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Global Obesity Prevention Center

Next Generation Vaccine Supply Chain Software Available

User-friendly supply chain software can help guide decision makers through hands-on approach

Many of the world’s vaccine supply chains are broken and aren’t getting life-saving and life improving vaccines to adults and children who need them, especially in low- and middle-income countries. Vaccine supply chains are complex systems of storage locations, equipment, vehicles and personnel that get vaccines from the Central Store in a country to the population. Designing, planning, managing and fixing such complex systems has been a challenge for many countries, but now researchers from the Global Obesity Prevention Center (GOPC) and International Vaccine Access Center (IVAC) at Johns Hopkins University and Pittsburgh Supercomputing Center (PSC) at Carnegie Mellon University are releasing their HERMES software to help decision makers around the world improve the delivery of vaccines.

Funded by the Bill & Melinda Gates Foundation, HERMES (Highly Extensible Resource for Modeling Event-Driven Supply Chains) allows the user to create detailed simulation models of vaccine supply chains. The models can serve as a “virtual laboratory” to evaluate a supply chain and test the effects of implementing different potential policies, interventions, practices and technology changes. The user-friendly software can help planners within Health Ministries, vaccine supply chain logisticians, vaccine manufacturers and funders who deal with vaccine supply chains understand and optimize these complex systems.

“Many existing vaccine supply chains designs in low- and middle-income countries were established in the late 1970s and ’80s and have since remained relatively unchanged,” says Bruce Y. Lee, MD, MBA, executive director of the Global Obesity Prevention Center (GOPC) at Johns Hopkins University and HERMES scientific lead. “It is not uncommon to visit a storage facility in a low- or middle-income country and find an overflow of vaccines that never make it to the people who are supposed to receive the vaccines.” 

To date, the HERMES team has used the software to create vaccine supply chain models to help decision makers in a wide range of countries such as Niger, Benin, Senegal, Chad, Kenya, Mozambique, Thailand, Vietnam and India. This has included working with various Ministries of Health and major international organizations such as UNICEF, GAVI, Clinton Health Access Initiative (CHAI), Medicins Sans Fronties (MSF) otherwise known as Doctors Without Borders (MSF), PATH and the World Health Organization (WHO). For example, in 2012, the HERMES team worked with the Agence de Médecine Préventive (AMP) and WHO to help the Benin Ministry of Health determine whether the Benin vaccine supply chain was ready for the rotavirus (most common cause of diarrheal disease among infants and young children) and meningococcal (meningitis) vaccines and if they should simply add more refrigerators and vehicles or significantly redesign their vaccine supply chain. Using HERMES to explore the different options, the team helped the Benin Ministry of health identify a new design that would consolidate storage locations, remove a supply chain level and replace point-to-point motorbike routes with truck shipping loops. This new design could not only increase the number of vaccines successfully delivered and thus save lives, but also save more than $500,000 over the course of 5 years.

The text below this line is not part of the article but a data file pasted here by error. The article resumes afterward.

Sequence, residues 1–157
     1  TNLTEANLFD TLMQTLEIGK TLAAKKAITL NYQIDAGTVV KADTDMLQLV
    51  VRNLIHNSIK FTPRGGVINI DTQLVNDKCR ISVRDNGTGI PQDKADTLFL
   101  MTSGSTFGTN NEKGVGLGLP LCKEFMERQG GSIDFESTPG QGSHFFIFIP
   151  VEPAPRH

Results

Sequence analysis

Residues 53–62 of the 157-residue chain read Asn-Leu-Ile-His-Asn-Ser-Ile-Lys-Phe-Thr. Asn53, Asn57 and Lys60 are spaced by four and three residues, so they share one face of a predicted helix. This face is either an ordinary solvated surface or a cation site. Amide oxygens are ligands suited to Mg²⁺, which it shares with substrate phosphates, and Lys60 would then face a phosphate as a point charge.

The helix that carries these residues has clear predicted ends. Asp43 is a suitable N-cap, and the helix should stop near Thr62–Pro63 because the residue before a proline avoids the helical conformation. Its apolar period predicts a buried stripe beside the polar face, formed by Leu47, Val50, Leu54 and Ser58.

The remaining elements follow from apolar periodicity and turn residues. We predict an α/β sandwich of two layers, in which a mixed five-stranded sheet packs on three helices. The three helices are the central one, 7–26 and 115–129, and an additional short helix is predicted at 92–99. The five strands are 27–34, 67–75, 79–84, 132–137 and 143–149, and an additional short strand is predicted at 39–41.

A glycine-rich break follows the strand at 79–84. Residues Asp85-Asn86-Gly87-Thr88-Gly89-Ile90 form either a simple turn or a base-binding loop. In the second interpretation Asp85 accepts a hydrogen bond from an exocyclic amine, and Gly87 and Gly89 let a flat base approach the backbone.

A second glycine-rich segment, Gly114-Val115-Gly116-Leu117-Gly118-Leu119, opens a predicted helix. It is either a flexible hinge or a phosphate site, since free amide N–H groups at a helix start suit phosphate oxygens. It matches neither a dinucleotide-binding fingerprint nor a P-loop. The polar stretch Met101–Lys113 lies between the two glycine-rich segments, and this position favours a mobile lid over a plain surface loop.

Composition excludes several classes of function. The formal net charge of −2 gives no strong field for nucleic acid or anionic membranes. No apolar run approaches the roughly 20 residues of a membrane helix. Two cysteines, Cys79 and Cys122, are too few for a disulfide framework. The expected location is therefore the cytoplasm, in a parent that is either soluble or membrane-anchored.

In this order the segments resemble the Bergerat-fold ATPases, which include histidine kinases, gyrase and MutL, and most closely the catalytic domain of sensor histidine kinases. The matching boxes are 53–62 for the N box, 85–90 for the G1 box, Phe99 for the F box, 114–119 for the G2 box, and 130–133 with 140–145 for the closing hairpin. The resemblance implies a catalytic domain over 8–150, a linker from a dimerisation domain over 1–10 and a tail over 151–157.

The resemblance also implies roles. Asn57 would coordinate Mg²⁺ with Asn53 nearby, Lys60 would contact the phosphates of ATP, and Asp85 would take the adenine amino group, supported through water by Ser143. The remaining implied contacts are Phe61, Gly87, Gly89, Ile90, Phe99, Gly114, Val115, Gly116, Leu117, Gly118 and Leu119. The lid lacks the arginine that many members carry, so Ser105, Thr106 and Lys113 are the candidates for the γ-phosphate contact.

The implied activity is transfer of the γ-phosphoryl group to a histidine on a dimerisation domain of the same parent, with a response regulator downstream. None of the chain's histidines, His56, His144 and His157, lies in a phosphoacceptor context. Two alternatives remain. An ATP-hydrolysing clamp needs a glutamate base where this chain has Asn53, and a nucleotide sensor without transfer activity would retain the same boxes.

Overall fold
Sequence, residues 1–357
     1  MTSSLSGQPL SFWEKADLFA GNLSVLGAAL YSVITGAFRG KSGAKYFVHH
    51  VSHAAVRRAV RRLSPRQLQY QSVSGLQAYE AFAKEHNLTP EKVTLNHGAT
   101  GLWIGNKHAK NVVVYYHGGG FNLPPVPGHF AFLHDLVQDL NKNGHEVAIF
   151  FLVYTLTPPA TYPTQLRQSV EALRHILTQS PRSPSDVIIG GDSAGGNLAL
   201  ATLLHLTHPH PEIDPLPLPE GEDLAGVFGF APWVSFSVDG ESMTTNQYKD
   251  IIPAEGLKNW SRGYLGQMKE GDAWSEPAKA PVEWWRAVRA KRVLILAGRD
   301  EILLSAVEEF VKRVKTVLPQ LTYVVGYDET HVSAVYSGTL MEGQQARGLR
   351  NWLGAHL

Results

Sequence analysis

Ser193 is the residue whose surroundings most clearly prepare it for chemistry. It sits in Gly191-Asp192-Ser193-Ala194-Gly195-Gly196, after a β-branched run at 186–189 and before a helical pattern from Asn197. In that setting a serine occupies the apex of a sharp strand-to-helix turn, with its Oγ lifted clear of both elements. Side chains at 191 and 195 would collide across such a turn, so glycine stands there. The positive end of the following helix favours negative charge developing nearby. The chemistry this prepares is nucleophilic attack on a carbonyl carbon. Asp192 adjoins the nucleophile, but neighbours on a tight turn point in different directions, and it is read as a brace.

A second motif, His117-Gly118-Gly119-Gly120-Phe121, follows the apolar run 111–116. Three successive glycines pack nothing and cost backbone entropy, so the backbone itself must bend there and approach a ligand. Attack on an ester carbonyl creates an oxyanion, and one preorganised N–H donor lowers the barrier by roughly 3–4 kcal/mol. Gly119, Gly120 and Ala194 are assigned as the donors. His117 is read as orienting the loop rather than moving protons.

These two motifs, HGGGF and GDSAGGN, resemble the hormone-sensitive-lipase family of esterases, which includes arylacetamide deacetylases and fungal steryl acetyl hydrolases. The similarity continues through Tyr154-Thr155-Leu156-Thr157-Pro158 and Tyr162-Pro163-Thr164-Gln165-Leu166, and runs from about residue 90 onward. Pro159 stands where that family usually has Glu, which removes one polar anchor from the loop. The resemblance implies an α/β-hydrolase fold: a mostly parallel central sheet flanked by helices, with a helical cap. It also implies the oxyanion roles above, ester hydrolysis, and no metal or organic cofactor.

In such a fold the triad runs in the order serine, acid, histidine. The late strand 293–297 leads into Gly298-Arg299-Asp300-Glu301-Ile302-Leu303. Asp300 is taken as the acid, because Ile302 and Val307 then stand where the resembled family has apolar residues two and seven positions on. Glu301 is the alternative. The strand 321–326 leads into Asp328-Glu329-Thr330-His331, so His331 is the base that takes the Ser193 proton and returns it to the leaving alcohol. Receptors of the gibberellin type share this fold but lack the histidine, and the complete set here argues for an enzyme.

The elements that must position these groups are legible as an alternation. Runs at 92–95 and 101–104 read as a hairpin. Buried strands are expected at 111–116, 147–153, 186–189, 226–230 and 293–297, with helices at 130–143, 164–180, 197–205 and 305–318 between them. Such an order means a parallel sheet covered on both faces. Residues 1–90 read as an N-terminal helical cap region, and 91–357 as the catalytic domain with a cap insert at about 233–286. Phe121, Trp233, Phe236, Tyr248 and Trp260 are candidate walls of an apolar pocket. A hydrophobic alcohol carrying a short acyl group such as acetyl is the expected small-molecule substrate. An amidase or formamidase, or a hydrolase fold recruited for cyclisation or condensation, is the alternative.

In 2015, the GOPC and PSC team used HERMES to help VillageReach simulate the possible value of using Unmanned Aerial Vehicles (UAVs), also known as drones, to transport vaccines in Mozambique. The simulation results showed the potential value of such drones and informed the debate of their possible use in delivering health commodities.

In 2016, the HERMES Team partnered with MSF to model the economic and clinical impacts of heat-stable vaccines in various countries. The study showed that that not only could vaccines that don’t require refrigeration help increase vaccination rates in these countries, the cost savings of decreased cold chain utilization and improved health outcomes could more than cover the costs of heat-stable vaccines at double or triple the price. 

Starting Monday, April 23, in conjunction with World Immunization Week, the HERMES team will make a version of the HERMES software that has a user-friendly interface available to low- and middle-income countries. By making such software technology available in countries short on resources, the hope will be to empower in-country decisions makers to evaluate and improve vaccine delivery.

Further information on how to download and access HERMES software can be found here: hermes.psc.edu/release/current